Christmas is a good time to be a grandfather, particularly if you had some good training in that whole how-to-be-a-dad thing. And I did.

Merry Christmas.

Sunday, December 21, 2008

By Request

After I posted my first blog entry from New Hampshire, it was suggested that I post the same 360-degree view after winter had set in. I must say, I hadn't expected to be able to fulfill that request quite so soon.

So here's how the place looked on Hannukah, with a white Christmas very much in the wings despite rumors of rain. Note that, in February, it will likely look much like this except that the snow will be deeper. Considerably deeper. You certainly won't see the edge of the porch as you can here.

I should point out that, the last time I did this, there was a half-unloaded UHaul in the background, silently chiding me for shooting video when I had other things I should be doing. For continuity's sake, in this version, I have positioned two big piles of snow in the yard, which are actually piles of firewood that should have been stacked on the porch three weeks ago.

Well, at least they won't mold.

There is some lack-of-continuity in this: The dogs were wandering around the yard in the first video. In this one, they are not. Instead, they were here:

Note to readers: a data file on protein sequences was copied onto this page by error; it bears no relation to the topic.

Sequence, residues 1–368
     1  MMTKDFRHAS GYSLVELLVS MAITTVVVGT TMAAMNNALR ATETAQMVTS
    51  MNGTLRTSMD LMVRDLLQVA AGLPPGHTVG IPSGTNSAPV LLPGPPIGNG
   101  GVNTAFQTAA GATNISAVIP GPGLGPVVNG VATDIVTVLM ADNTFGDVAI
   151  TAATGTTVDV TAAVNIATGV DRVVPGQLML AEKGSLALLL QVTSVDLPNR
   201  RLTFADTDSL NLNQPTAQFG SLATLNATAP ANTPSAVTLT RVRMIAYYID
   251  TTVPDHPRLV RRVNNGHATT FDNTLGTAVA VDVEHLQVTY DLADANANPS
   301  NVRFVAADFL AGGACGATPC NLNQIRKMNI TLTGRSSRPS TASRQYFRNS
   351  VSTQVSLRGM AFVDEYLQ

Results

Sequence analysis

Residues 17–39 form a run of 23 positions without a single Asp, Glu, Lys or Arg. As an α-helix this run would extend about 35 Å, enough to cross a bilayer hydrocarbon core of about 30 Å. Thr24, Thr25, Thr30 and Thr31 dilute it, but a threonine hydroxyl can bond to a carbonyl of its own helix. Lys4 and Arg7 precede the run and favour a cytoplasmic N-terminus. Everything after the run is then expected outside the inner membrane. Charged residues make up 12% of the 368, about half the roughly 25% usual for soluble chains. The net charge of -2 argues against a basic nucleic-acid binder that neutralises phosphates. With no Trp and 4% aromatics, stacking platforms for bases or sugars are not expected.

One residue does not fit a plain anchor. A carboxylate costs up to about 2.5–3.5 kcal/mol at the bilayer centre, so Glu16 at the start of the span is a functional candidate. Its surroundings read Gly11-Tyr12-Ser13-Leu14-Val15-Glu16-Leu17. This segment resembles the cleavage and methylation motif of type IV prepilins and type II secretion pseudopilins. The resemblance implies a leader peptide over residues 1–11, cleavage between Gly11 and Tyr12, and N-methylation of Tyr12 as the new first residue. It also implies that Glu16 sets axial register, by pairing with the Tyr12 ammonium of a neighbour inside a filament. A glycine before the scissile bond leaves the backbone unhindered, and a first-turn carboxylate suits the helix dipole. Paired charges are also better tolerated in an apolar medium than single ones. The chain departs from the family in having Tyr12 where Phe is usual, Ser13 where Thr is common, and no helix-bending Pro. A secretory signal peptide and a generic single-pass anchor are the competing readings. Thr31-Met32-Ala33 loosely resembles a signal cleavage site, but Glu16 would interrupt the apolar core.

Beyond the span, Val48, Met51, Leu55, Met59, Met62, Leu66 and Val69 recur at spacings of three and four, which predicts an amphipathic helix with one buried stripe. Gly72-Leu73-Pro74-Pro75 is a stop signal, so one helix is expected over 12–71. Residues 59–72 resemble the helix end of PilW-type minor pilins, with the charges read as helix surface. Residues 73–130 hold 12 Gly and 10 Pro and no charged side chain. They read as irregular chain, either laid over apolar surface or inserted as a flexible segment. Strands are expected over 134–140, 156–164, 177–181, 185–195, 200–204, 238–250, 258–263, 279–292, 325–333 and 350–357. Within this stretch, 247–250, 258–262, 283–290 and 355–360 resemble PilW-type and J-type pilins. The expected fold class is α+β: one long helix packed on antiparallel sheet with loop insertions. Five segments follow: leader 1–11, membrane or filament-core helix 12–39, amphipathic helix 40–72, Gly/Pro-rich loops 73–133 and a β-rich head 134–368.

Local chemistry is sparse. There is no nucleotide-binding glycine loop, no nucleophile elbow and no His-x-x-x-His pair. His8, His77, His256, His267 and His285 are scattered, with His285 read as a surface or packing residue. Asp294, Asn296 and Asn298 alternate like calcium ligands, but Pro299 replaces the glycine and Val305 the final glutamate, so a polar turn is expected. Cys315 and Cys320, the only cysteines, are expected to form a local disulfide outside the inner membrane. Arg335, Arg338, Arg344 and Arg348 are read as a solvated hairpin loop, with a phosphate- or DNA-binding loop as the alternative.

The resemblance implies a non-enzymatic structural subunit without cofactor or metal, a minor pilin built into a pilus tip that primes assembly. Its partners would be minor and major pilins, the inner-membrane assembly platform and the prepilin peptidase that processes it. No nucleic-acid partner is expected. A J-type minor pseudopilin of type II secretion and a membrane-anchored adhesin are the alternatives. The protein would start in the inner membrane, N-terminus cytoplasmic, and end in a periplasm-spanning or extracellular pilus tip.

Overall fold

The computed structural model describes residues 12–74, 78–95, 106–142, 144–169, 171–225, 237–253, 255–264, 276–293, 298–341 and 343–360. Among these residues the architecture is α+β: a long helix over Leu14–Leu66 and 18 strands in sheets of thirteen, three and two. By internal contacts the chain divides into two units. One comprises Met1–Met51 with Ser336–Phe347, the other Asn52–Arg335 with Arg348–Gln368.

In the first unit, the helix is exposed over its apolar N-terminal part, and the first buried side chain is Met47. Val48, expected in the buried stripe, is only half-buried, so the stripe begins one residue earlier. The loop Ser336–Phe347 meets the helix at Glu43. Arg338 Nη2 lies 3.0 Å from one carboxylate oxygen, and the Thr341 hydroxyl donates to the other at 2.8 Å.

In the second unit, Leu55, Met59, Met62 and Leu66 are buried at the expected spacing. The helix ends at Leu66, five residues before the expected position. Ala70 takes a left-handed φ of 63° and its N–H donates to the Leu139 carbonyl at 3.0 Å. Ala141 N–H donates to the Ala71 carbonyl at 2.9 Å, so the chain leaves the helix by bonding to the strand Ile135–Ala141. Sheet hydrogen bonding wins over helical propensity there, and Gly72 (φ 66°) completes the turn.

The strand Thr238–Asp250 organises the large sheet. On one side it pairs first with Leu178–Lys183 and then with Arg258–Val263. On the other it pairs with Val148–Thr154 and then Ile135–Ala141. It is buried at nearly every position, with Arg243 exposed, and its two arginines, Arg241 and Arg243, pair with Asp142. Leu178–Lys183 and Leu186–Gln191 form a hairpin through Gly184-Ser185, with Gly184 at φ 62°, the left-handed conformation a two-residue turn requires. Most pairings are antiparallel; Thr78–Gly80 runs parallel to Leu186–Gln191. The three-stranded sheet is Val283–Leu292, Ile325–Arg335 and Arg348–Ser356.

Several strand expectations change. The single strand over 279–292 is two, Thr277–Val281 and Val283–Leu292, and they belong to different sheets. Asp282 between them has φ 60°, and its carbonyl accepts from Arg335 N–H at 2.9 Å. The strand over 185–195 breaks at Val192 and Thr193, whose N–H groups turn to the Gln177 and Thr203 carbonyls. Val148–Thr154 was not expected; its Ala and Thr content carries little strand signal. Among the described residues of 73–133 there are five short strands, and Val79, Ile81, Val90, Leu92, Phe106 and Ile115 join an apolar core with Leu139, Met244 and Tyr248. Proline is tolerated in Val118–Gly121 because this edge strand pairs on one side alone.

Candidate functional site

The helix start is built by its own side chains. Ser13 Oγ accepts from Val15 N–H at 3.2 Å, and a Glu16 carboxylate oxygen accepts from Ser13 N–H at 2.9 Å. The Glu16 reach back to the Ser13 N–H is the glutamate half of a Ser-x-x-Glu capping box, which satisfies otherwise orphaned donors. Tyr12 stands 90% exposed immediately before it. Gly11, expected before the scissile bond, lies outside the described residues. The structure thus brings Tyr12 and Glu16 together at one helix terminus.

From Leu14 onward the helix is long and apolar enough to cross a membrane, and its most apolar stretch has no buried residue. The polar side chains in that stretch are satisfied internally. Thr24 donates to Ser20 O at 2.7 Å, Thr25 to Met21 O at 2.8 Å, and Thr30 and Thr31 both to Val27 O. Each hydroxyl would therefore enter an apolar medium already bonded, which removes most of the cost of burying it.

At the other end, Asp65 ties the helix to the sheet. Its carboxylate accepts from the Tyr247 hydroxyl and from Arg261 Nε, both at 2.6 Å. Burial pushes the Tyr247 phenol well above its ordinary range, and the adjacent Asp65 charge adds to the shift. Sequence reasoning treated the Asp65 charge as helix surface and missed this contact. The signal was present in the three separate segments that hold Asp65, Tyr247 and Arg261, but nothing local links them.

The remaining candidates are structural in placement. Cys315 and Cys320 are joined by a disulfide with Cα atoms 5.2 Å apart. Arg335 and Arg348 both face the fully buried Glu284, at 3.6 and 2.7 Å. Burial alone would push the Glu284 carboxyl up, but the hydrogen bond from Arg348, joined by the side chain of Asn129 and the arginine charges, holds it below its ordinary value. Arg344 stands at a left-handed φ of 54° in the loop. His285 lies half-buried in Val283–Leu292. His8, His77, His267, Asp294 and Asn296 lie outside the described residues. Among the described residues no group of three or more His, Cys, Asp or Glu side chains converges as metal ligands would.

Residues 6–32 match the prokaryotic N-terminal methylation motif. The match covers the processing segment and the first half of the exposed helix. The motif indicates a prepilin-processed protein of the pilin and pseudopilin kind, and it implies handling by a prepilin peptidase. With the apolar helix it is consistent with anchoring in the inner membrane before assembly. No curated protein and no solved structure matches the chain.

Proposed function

Tuesday, December 16, 2008

Tobias Isaac Meerts
born December 14, 2008
8 pounds, 9 ounces
to the delight of his sister, Johanna
(and their grandfather, not shown here)

Saturday, December 13, 2008

In our last exciting episode ...

I realize I haven't said much about my life since I landed here in New Hampshire. Since we've made the news with our weather, I guess this is as good a time as any to catch things up.

To begin with, my view has gone from the above to the below. You'll see that the lake isn't entirely frozen over, but it has been. But about the time a skim of ice forms, a front comes through and there is a night of wind that breaks it up again.

The lake is about four miles long by a little over half a mile wide, so when a north-south wind strikes up, it gets rolling pretty well. And my house is right at the receiving end, so I've taken down the wind chimes which I'm sure are charming during the summer but, as the first good winter storm rolled in, were kind of a constant annoyance all night long, as if they were in a dryer. Incidentally, those X's are a marker where there is about a 15 foot drop off to the lake. I suspect I'll have a pretty good buildup of ice jam and snow down there by the time winter is truly over.

So, about that storm: It pretty much passed us by in the immediate sense. I didn't know how bad it was until I got to the office and people started calling in to say they'd be working from home. I never lost power and, while the roads weren't good, they weren't surprisingly bad. However, I was in a fairly narrow window of safety -- there were significant outages to the north and to the south of us.

I took this picture at the local airport, where even the birches weren't getting off the ground. (Our photographer began snickering at that line and accused me of spending more time thinking up cutlines than shooting photos. And she's right.) But the planes -- little Cessnas -- were back in the air by mid-morning.